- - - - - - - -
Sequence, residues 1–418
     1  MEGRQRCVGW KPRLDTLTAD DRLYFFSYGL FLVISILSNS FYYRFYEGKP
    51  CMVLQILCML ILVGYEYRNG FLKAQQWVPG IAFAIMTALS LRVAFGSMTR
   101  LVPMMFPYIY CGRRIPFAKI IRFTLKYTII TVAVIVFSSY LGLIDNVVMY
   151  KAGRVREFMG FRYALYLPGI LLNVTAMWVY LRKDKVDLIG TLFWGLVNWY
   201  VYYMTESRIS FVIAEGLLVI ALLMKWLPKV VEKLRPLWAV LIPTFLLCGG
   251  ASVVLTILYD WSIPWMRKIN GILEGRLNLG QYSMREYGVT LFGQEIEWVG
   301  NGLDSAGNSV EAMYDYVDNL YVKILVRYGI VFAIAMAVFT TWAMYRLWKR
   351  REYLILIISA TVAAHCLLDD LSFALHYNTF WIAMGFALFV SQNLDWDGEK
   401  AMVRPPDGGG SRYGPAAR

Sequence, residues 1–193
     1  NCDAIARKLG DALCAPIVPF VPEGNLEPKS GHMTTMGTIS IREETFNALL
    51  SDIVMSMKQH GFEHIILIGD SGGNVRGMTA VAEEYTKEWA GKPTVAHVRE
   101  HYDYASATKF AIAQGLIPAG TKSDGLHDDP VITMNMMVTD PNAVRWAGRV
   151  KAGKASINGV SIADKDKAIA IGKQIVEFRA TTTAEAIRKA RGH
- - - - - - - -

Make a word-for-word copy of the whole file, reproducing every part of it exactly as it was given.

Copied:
Sequence, residues 1–418
     1  MEGRQRCVGW KPRLDTLTAD DRLYFFSYGL FLVISILSNS FYYRFYEGKP
    51  CMVLQILCML ILVGYEYRNG FLKAQQWVPG IAFAIMTALS LRVAFGSMTR
   101  LVPMMFPYIY CGRRIPFAKI IRFTLKYTII TVAVIVFSSY LGLIDNVVMY
   151  KAGRVREFMG FRYALYLPGI LLNVTAMWVY LRKDKVDLIG TLFWGLVNWY
   201  VYYMTESRIS FVIAEGLLVI ALLMKWLPKV VEKLRPLWAV LIPTFLLCGG
   251  ASVVLTILYD WSIPWMRKIN GILEGRLNLG QYSMREYGVT LFGQEIEWVG
   301  NGLDSAGNSV EAMYDYVDNL YVKILVRYGI VFAIAMAVFT TWAMYRLWKR
   351  REYLILIISA TVAAHCLLDD LSFALHYNTF WIAMGFALFV SQNLDWDGEK
   401  AMVRPPDGGG SRYGPAAR

Sequence, residues 1–193
     1  NCDAIARKLG DALCAPIVPF VPEGNLEPKS GHMTTMGTIS IREETFNALL
    51  SDIVMSMKQH GFEHIILIGD SGGNVRGMTA VAEEYTKEWA GKPTVAHVRE
   101  HYDYASATKF AIAQGLIPAG TKSDGLHDDP VITMNMMVTD PNAVRWAGRV
   151  KAGKASINGV SIADKDKAIA IGKQIVEFRA TTTAEAIRKA RGH